It's hard to nitpick for faults with Bayonetta, especially when I was having so much fun throughout the game. The pacing is great, broken up at just the right moments so you never really get a chance to feel bored. The combat starts to grow and flesh out at a reasonable pace, if anything the first real chapter of the game took a little too long to get going, but that's a small drop in a very large bucket here. Cap that off with the fact that the first game is included with a ton of extras and you're going to have a hard time trying to find faults. I know I did, in fact, the worst thing I could come up with is low quality shadows with aliasing issues, and a curious decision to make the vocals tied to the WiiU gamepad, which in the grand scheme of things wasn't that big a deal since I enjoyed playing this game off the gamepad more than off the television. The networking problems I had were thankfully remedied by the versus CPU feature, which I think is great for people who don't have the best internet connections, or even one at all. They could have left this exclusively an online mode and called it a day, but the fact that they didn't, and even made the CPU smart enough to revive you when possible, turns that little negative right around for me.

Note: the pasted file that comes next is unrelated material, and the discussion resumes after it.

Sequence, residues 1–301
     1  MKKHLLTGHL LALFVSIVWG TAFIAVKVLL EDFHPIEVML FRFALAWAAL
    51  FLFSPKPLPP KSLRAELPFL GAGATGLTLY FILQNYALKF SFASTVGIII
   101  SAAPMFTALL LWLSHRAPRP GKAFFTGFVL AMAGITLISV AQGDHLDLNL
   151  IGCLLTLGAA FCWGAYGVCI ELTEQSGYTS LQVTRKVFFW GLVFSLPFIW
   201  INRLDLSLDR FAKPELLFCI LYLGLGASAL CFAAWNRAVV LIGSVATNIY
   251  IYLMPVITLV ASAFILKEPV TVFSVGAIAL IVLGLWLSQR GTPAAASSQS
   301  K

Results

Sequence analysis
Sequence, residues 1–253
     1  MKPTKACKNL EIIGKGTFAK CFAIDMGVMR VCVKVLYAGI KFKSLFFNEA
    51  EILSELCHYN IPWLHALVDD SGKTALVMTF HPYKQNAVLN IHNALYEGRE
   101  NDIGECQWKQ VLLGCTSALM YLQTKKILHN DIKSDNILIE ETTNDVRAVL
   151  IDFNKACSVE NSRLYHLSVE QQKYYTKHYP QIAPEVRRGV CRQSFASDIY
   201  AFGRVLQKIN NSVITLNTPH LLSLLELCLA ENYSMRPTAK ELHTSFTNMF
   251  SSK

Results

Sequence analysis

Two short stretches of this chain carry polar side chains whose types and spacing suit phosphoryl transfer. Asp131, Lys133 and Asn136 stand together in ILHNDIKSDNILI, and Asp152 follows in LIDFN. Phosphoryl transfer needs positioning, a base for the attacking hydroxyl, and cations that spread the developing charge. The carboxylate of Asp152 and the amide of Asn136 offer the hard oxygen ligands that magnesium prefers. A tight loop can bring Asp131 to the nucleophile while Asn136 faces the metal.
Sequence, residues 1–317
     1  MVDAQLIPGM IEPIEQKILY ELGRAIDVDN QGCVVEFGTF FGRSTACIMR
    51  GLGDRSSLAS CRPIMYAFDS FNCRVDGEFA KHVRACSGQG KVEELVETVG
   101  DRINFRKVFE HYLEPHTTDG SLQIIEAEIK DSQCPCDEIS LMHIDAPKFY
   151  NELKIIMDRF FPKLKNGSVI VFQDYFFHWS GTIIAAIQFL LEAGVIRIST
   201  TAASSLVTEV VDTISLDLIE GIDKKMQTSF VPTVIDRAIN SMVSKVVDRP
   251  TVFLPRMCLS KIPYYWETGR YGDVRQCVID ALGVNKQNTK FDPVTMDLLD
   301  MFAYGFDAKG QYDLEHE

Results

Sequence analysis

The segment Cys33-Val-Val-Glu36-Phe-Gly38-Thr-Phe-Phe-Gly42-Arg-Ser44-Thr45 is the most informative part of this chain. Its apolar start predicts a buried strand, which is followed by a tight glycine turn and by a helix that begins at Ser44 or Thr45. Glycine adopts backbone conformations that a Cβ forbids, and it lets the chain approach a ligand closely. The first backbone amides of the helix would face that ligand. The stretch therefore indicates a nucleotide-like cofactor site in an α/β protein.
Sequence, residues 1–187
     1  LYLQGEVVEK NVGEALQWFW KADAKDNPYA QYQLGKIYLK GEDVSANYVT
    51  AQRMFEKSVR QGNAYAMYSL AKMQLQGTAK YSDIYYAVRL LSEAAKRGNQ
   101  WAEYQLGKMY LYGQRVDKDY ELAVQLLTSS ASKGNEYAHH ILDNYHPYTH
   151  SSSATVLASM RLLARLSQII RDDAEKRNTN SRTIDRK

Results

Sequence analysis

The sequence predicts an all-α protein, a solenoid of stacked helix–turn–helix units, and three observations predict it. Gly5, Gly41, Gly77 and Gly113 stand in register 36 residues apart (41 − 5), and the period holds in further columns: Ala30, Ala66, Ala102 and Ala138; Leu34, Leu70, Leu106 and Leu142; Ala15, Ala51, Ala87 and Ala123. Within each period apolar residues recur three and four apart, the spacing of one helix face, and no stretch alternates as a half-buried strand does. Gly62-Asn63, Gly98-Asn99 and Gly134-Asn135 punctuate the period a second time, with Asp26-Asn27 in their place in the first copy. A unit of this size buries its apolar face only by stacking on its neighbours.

So a few pretty minor complaints aside, Bayonetta 2 is exactly what the WiiU needs right now, a nice quality title that appeals to the core gamers out there who burned through Hyrule Warriors. Hopefully this title does well enough out in the wild to convince the big N that other titles of this type, the gritty, mature titles, are worth bringing out over here. Bayonetta 2 has been a long time coming, and now that it's finally here, I am beyond pleased with what Platinum Games has done. From the big things like gameplay, to the intangibles, like Bayonetta's redesign, everything feels like it has a purpose and nothing feels half-assed or tacked on. If you're like me, you've had a lot of high hopes on Bayonetta 2, especially thanks to its long development time and Nintendo's less than stellar record with the hardcore gamers out there over the life of the Wii. Bayonetta 2 is a step in the right direction, and it's a game that absolutely deserves a place in any WiiU library. Platinum Games continues to give gamers the type of titles we want on the WiiU, and for that they have my praise and adulation.
* The product in this article was sent to us by the developer/company.
In a past life I worked with Interplay, EA, Harmonix, Konami, and a number of other developers. Now I'm working for a record label, a small arm of casual games in a media company along with Gaming Nexus, and anywhere else that sees fit to employ me.